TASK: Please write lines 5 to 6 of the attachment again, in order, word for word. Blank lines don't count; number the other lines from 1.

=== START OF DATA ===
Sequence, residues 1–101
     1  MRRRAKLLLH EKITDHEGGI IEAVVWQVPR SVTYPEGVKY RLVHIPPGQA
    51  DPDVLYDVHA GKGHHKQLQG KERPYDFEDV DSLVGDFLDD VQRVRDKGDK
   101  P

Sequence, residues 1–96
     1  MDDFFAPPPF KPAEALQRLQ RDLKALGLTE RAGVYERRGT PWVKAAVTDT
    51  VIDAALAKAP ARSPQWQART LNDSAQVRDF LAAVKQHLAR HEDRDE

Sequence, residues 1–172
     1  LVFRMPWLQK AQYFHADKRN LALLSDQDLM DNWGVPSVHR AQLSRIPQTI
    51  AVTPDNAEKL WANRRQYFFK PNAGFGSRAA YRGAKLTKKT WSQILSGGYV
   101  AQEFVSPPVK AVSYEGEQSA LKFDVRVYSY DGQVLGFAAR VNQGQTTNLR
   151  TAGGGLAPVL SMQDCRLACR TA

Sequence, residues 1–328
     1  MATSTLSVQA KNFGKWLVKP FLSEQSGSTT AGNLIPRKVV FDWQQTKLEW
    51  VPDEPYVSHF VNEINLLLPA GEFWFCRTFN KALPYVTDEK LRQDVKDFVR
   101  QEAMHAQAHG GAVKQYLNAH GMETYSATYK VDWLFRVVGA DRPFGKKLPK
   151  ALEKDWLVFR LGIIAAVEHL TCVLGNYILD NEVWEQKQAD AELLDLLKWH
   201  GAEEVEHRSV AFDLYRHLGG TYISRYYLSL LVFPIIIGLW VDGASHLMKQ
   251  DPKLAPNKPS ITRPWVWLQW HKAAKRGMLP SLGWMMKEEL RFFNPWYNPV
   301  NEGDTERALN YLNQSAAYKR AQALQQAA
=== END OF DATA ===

Sequence, residues 1–96
     1  MDDFFAPPPF KPAEALQRLQ RDLKALGLTE RAGVYERRGT PWVKAAVTDT